The Measles crisis continues in many countries around the world. The disease is so contagious that 9 out of every 10 nonimmune people will be infected through contact with one infected person. Prior to the introduction of the live Measles vaccine in 1963, major epidemics were frequent and led to an estimated 2.6 million deaths a year.
To celebrate World Immunization Week and its theme for this year Protected together: Vaccines work! we are taking a look at how routine immunizations (like the Measles vaccine) impact global and travel health and how travellers can ensure they are adequately protected.
The resurgence of Measles
Global efforts to eliminate Measles have been ongoing since 2001 when the United Nations initiated a coordinated effort to address the disease. This led to an 80% reduction in Measles cases between 2000 and 2016. However, cases increased in 2017 and have continued to increase ever since.
Measles is a highly infectious disease spread through coughing and sneezing. The virus can stay active for up to 2 hours in air droplets – meaning that you don’t need to be in direct contact with a Measles-infected person to be exposed to the virus.
Recent Measles outbreaks have occurred for a number of complex reasons including limited healthcare coverage, a lack of access to vaccines, and changes in attitudes towards vaccines and vaccine safety. Vaccine hesitancy is a growing global concern; so much so that the World Health Organization (WHO) listed it as one of the top ten threats to global health for 2019.
What is vaccine hesitancy?
The refusal or reluctance to vaccinate despite the availability of vaccination services.
Measles outbreaks are now being reported in every region of the world – from low income countries with low vaccination rates, such as Madagascar and the Democratic Republic of the Congo, to high income countries with high vaccination rates, such as the United States, Switzerland, and Japan. In countries with typically high vaccination coverage, the virus has been spreading among unvaccinated and under-vaccinated people.
The ease at which Measles spreads makes it a prime candidate for international travel. For example, the current outbreak in New York City began with a single unvaccinated traveller who acquired the virus in Israel and returned to New York in October 2018. As of April 29, 2019, 423 people have been infected. Measles outbreaks reported in other states such as Washington, California, and New Jersey have also been traced back to unvaccinated travellers. There have also been 41 cases in Canada this year, which have mostly been associated with international travellers.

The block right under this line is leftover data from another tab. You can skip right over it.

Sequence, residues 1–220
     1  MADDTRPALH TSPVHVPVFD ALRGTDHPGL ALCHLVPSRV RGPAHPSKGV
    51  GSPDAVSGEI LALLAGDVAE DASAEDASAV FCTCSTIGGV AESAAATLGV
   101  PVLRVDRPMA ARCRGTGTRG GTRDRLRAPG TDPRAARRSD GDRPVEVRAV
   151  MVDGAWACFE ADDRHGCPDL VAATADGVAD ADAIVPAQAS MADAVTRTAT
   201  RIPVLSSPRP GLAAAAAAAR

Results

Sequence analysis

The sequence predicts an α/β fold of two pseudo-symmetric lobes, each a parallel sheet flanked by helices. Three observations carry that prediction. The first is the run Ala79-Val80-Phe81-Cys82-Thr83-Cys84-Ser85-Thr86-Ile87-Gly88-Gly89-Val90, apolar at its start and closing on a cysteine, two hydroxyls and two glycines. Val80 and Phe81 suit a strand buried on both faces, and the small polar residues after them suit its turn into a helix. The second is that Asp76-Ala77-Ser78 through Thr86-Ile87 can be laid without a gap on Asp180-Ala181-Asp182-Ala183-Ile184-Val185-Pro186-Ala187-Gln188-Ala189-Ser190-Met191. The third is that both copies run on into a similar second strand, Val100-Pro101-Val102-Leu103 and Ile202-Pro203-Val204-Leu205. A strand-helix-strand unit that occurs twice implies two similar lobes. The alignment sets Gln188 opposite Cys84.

Vaccines in a globalized world
Preventing the spread of infectious diseases is a top priority in travel health. Fortunately, many infectious diseases can be prevented through vaccination.
Routine immunizations are a series of vaccines that provide protection against serious infections such as Measles, Diphtheria, and Polio. In countries with good vaccine coverage these diseases become uncommon and in some cases, eliminated. In places where there is not widespread vaccination coverage, these diseases continue to circulate.
Herd immunity occurs when most people in a community are vaccinated, which prevents the disease from being transmitted and reaching those most vulnerable. To provide adequate protection, global vaccine coverage should be at 95%, but recently coverage has been stalled at 85%.
The spread of vaccine hesitancy has led some to decline routine immunizations for themselves and their children, despite the accessibility and proven safety of vaccines. However, refusing vaccination for non-medical reasons means the consequences of that decision are borne by others, particularly those who cannot be vaccinated such as young children, pregnant women, and immunocompromised people.
Limited access to vaccines and pockets of low immunization has also led to Measles outbreaks in several African countries, including Madagascar and South Sudan, as well as countries like Venezuela, where entire health systems have collapsed. Unvaccinated travellers can be responsible for spreading disease in the countries they visit and their community when they return home.
For healthcare systems, the costs associated with controlling these outbreaks can add up quickly. For example, the Measles outbreak in Clark County, Washington has so far caused 74 infections and cost the US government $1.4 million. For countries with overburdened healthcare systems and limited resources, responding to outbreaks can be exceedingly difficult.
Travel & vaccines
The most crucial step for any traveller is to ensure your routine immunizations are up-to-date. Vaccine coverage varies around the world and unvaccinated and under-vaccinated travellers pose a risk to their own health and the health of others.